Three Reasons Families Should Go To Pride

LGBTQ pride flags at a pride parade

With homophobic attacks on the rise, transphobia a daily occurrence in the media and protests outside schools over books featuring two mums, Pride is more important than ever.

More than ever it’s important that families go to Pride, events. That kids go to pride events.

But why? If Pride is a protest why should families attend?

Pride Is Educational

One argument against it is that Pride is not family-friendly but I find that people who are making that point are often unwilling to have important conversations with their children about Pride and the LGBTQIA+ community as a whole.

There is a certain level of internal homophobia from queer people too, who state the same thing. They don’t want to be like those other gays. You know the ones. Those unsavoury gays that parade around half-naked or in leather gear.

crayon rainbow

Rhondda Pride just made this error. By trying to make their first-ever Pride event family-friendly instead of being inclusive of families, or kids, making it easier for them to attend and enjoy they, instead, decided to exclude an important part of the LGBTQIA+ community. In saying there could be no leatherwear, no gimp masks, that costumes must be their definition of family-friendly, they’ve become the very thing Pride is supposed to protest. Exclusion.

To ban one group from Pride is gatekeeping – and a stepping stone to other exclusions. It’s a fine line between making something “family-friendly” and being out and out homophobic or transphobic.

These sort of issues are why families need to go to pride.

I get it, some people really struggle to talk to their kids about sex, sexuality and sexual orientation. But that is how we get into these situations in the first place. Sex is hidden away, sexuality is seen as something shameful and people start equating sexual orientation with sex.

People need to have awkward and ‘difficult’ conversations with their kids or we’re never going to move forward.

Pride is part of that conversation. Pride is a great way to start those conversations. A great way to teach kids a million different things school currently don’t teach. That conflation of sexual orientation and sexual activity means that people misunderstand what it means to learn about LGBTQIA+ people and the lives we lead.

I can guarantee you what people assume about my life and how being queer factors is often incorrect. And I’m blogging about it and talking about it and have never really been in the closet.

Representation Matters

An image of Snappy in his rainbow tutu

Families come in all shapes and sizes. But in a rural community, things are a little more homogenous. Not that there aren’t families like mine, we tend to seek each other out but we’re spread apart and Snappy won’t go to the same school as the other LGBTQIA+ families I know. He will be going to a larger school – part of my reason for sending him there instead of the village school was the increased diversity but there is no guarantee any other families will look like mine.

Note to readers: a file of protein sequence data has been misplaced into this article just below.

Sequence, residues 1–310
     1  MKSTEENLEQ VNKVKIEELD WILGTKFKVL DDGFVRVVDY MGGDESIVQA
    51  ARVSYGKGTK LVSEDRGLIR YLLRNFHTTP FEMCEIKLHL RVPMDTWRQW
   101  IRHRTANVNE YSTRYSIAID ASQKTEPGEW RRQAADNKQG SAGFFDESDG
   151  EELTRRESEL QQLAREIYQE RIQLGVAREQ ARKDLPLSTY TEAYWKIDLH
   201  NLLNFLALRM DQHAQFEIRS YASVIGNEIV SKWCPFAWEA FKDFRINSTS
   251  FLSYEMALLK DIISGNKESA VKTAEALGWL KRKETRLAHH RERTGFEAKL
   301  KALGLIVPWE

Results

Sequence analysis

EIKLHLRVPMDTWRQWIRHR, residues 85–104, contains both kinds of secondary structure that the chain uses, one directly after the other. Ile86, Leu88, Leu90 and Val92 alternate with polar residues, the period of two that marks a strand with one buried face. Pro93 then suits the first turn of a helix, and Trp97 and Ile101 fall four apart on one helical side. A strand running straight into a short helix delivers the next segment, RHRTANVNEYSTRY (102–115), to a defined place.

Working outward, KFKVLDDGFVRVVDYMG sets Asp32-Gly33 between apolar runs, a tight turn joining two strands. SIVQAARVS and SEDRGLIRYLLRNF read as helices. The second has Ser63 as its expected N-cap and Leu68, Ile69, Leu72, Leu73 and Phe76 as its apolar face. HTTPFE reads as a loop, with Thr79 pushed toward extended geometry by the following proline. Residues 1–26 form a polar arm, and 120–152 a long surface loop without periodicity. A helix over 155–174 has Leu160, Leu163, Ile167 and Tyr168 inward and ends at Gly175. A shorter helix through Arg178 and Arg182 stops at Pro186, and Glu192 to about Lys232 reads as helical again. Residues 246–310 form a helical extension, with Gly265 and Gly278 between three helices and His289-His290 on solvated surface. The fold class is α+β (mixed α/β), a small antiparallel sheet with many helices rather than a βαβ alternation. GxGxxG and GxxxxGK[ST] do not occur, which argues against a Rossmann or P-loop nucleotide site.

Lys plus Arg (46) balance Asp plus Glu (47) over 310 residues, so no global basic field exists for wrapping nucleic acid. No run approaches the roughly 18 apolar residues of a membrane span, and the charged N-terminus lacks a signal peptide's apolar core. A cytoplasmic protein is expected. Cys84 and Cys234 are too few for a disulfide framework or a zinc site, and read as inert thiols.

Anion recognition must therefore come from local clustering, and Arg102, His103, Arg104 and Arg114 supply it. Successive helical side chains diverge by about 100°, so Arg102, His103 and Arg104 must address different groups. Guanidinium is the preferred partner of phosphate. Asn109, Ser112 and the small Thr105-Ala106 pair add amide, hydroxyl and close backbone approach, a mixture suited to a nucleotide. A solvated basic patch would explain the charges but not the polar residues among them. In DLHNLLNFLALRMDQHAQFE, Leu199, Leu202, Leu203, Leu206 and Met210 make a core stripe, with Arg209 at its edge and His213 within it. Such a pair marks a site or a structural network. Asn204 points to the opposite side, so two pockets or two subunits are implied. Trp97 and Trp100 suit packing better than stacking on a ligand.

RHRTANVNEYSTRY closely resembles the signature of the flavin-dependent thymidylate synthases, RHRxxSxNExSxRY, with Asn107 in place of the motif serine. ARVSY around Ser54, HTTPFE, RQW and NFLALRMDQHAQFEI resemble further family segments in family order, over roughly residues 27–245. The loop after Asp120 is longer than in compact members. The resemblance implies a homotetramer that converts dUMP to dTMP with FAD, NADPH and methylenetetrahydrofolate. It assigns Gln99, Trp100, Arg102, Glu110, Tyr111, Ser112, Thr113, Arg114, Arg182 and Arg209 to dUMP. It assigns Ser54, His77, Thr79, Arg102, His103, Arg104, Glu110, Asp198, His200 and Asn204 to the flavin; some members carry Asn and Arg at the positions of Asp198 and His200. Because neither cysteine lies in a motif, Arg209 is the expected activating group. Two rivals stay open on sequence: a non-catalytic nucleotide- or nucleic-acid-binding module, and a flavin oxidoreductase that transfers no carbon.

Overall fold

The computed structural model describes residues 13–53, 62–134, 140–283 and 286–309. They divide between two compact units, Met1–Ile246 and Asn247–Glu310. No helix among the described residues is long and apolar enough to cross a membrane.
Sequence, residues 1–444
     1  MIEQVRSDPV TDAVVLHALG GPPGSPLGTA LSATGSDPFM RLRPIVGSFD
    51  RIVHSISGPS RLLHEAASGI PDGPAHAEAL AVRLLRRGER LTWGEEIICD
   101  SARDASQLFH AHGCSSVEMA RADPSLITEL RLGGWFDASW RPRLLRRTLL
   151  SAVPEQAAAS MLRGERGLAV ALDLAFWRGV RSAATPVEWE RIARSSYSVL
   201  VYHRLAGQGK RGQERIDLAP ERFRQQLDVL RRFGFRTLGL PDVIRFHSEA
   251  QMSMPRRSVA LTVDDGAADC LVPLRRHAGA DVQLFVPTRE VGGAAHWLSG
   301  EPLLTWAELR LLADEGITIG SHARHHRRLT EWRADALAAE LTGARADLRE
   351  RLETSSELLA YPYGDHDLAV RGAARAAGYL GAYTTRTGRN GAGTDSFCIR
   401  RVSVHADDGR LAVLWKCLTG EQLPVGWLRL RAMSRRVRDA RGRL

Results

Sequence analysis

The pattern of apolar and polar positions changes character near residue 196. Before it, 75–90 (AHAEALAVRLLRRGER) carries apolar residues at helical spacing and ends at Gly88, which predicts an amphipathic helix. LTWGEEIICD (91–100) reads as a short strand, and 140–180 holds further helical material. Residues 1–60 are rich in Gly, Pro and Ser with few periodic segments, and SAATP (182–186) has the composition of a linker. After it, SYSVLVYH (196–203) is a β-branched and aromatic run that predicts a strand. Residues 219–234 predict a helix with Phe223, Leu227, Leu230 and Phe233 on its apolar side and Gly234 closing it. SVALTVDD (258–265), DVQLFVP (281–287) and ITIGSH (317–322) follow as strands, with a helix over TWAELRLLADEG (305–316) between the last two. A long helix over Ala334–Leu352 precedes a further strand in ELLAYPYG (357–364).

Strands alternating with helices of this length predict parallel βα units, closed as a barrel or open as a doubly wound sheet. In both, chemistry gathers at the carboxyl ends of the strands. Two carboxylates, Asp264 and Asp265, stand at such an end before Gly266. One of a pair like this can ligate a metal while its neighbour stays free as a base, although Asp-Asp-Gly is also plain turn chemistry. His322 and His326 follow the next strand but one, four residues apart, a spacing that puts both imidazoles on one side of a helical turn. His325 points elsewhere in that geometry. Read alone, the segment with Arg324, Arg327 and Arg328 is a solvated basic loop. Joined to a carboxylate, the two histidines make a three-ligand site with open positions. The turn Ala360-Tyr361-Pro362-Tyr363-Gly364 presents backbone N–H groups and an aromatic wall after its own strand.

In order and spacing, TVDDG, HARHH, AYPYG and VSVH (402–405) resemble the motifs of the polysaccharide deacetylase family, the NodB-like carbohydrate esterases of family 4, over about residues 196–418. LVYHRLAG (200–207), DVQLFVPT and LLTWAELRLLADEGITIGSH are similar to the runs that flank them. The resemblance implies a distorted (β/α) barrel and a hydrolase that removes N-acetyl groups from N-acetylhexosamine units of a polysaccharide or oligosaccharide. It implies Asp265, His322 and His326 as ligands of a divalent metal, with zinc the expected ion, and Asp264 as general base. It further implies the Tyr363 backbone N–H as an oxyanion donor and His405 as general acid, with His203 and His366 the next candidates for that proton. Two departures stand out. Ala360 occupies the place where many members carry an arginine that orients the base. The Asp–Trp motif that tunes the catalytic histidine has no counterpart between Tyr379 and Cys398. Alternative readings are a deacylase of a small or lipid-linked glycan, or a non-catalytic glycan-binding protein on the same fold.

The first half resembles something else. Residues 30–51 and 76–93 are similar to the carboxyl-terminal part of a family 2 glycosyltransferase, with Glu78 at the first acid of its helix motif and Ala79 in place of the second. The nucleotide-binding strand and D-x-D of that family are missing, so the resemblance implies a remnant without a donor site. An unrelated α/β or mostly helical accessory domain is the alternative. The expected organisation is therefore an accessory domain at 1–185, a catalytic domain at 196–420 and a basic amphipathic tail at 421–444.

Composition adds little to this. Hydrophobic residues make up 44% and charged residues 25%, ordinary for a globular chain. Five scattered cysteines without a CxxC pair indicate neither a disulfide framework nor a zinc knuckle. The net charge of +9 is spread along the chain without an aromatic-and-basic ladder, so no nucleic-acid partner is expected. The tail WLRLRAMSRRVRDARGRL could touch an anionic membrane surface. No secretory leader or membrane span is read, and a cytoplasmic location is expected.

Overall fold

Pride is a chance for families like mine to come together. For kids like mine to realise they’re not really different or weird, but exist like every other family.

I am also keen for Snappy to see other kids like himself, kids that aren’t constrained by gender norms and stereotypes. It’s great for kids who are queer to see kids like themselves, and adults who are queer too. It’s important for them to know that they do not exist in a bubble, that they’re not alone.

Pride Is Fun

a kid facing away from the camera, at a pride event.

More and more Pride events over the years have made the effort to be more family-friendly. More and more events try and include entertainment for kids as well as adults.

Pride Cymru in Cardiff has a whole host of activities I’m looking forward to as well as the pride parade. Everyone who knows me knows we regularly attended both the village and town carnival every year, my wife makes Snappy a costume every year.

Pride Cymru has a family area with Drag Storytime and a Dog Show, a petting zoo, arts and crafts and face painting. I know Snappy is going to enjoy anything with animals, though unless the Drag Queens are reading Thomas The Tank Engine books, he may not be as interested in that (I am all over that by the way, you know I love Drag).

For families like ours, it’s an ideal set up really. We can watch the parade, the afternoon in the family area before heading home exhausted, happy and feeling more part of our community than ever. Everyone else, without small children and anxiety disorders, can carry on well into the night.

Links

Pride Cymru have given us tickets for Saturday’s event in return for this blog post.

All opinions are my own.

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bread

Queer, weird, geek, poet and now parent.

2 Responses

  1. HayleyBaker says:

    Dont forget barry pride on hight street 21st September 🌈🌈🌈

  2. Matthew says:

    Believe who you are believe that you knew before you were born who you were believe that your deepest fear is your light because when it’s light we judge we hold opinions we make choice that can hurt other but when it’s dark we all revel together where on these days this is to show the world the light is the place to revel and be as one q

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